Is anyone familiar with any open source chess libraries in any language that can do any of the following:

  • parse PGNs and/or FENs
  • calculate valid chess moves based on position
  • process an entire chess game


Sorry, I should be more clear. I'm not looking for open source software, I'm looking for open source programming libraries.

3 Answers 3



Stockfish (website and github) is an open source and very strong UCI engine. As such it can do all you are asking for, but usually requires a GUI in order to do so. You can however access all functionality via a command prompt/shell as well.



Crafty is a strong chess programm and can be used with Winboard, Xboard and Scid. So it is available for all major operating systems.


Scid can maintain databases of chess games, you can analyse (end) games.The software is available for all major operating systems.


Xboard is a user interface to the Internet Chess Server. It uses the X Windows System, so I assume this runs only under GNU/Linux. Xboard can be used as a viewer and supports all forms of chess.



Is a chess client built in Python. You can use it's chess logic libraries without much trouble.

Are examples of how you you might use the libraries to control chess engines, but you can also use just the chess logic:

from pychess.Utils.Board import Board
from pychess.Utils.lutils.lmove import toSAN
from pychess.Utils.lutils.lmovegen import genAllMoves
board = Board(setup=True).board
for move in genAllMoves (board):
    print (toSAN (board, move)))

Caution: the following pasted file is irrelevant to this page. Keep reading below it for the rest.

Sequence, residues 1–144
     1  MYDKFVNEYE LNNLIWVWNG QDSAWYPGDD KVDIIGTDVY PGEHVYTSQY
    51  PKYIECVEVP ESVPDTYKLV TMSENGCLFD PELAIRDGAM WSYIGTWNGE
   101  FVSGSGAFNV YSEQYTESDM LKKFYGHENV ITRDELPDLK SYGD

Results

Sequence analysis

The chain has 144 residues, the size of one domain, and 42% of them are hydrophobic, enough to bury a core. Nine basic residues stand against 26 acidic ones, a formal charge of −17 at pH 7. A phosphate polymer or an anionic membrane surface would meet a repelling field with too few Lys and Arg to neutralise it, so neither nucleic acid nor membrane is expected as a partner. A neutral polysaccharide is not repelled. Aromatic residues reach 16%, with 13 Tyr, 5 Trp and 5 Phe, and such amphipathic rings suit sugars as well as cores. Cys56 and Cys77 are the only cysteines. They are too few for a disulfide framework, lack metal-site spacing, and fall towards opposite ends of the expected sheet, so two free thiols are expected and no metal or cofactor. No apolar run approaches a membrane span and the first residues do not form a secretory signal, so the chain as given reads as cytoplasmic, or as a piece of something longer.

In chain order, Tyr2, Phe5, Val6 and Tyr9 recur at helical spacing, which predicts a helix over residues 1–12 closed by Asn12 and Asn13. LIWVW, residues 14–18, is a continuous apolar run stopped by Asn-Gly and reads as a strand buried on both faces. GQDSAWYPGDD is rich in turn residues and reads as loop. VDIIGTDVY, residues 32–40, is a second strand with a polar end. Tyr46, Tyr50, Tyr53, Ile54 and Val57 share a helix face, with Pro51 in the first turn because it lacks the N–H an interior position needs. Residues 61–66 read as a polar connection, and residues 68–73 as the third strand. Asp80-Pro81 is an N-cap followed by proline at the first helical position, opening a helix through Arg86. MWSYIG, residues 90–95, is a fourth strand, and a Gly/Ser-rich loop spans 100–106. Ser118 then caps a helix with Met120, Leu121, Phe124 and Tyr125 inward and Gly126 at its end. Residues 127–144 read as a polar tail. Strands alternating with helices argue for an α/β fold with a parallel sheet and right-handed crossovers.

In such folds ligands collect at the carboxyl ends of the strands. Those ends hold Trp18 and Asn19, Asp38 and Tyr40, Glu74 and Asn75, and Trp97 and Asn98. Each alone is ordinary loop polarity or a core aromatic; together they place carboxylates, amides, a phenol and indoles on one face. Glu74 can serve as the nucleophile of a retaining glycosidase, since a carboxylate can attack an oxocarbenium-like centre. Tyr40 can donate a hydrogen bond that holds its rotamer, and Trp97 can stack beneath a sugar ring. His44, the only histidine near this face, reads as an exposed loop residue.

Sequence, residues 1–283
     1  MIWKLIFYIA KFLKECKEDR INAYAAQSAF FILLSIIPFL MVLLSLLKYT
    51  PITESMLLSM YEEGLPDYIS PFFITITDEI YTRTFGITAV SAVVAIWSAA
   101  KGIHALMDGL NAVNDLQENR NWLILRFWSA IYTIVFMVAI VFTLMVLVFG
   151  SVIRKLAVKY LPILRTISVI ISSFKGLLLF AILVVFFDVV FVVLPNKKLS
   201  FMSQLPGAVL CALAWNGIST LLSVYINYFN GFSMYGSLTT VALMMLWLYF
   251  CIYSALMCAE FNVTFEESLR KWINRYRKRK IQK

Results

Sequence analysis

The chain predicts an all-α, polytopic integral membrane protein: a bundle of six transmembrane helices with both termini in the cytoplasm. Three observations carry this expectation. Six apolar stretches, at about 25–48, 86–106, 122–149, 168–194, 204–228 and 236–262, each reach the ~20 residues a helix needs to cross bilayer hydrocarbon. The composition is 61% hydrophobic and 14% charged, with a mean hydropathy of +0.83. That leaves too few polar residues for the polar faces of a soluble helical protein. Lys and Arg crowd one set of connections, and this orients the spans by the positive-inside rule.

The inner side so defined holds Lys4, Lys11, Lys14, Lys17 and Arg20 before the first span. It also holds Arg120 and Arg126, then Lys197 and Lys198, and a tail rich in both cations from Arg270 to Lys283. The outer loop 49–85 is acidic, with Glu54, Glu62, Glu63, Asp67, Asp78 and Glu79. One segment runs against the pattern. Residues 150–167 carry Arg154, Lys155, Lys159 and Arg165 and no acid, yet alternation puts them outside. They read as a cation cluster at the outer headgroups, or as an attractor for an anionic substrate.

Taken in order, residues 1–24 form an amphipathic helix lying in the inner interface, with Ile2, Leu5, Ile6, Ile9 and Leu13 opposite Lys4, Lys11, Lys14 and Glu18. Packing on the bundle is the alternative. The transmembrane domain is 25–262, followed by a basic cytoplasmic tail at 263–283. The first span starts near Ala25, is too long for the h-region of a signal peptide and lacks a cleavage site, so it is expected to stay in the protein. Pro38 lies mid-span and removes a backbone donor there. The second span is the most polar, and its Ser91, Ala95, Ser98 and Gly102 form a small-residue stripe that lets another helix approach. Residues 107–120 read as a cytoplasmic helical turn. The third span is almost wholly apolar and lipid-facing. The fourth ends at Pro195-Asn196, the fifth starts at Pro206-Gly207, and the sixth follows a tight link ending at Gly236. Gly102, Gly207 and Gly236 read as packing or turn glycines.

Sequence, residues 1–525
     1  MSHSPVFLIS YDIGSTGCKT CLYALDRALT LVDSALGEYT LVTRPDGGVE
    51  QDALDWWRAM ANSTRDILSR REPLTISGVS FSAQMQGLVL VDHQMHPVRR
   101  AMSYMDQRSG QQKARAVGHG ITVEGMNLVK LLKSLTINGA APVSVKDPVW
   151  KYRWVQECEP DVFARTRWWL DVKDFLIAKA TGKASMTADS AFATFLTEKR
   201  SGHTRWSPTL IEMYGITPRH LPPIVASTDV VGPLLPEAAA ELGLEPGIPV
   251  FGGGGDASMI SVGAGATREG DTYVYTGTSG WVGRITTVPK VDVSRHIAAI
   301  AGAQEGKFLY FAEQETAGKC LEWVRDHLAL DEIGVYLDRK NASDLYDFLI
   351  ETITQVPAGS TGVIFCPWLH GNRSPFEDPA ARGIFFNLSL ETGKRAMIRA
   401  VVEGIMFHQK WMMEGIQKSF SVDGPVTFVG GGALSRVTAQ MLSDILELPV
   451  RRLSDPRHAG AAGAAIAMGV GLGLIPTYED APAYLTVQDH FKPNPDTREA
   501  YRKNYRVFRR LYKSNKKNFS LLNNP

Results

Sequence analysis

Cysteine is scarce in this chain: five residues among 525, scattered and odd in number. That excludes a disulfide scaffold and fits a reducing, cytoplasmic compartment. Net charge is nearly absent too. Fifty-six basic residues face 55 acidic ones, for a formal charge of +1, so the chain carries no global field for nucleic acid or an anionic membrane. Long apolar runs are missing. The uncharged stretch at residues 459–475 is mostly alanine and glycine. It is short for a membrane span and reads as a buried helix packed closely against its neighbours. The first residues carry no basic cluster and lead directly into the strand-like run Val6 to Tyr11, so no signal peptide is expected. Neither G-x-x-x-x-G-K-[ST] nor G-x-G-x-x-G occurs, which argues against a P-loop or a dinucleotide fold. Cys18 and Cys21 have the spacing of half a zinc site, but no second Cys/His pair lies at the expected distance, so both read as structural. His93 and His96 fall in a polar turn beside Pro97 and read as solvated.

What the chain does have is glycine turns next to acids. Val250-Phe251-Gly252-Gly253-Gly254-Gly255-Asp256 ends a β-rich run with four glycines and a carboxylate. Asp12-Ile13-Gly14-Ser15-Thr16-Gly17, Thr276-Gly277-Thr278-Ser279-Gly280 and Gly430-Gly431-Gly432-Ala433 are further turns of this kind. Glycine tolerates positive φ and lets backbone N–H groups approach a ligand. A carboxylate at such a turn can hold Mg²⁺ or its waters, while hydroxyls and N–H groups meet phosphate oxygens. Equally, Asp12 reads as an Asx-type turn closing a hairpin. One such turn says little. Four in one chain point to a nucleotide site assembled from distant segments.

It's very fast, since it's used for the built in engine, and it has many advanced features such as parsing long list of SAN moves, generating check evasions and static exchange evaluation (SEE).

  • Thanks for sharing, looks very interesting. What does the above do? Could a similar snippet import a pgn file from disk and print all the moves in a similar loop? Does it have libraries to export html? Is there documentation that would help with doing similar kind of scripting?
    – Joe
    Feb 8, 2013 at 18:41
  • And checking out the link, it seems like the actual tool does not run on Windows - yet. Do you think the above code would run on Windows in headless mode though?
    – Joe
    Feb 8, 2013 at 18:43
  • 2
    The above code prints out all possible moves for white in the default position, using Standard Algebraic Notation. Parsing moves is also easy with the same couple of modules. If your project were GPL, I would just copy out the entire lutils module, which is pure Python and doesn't require any Linux specific process handling. Feb 8, 2013 at 23:00

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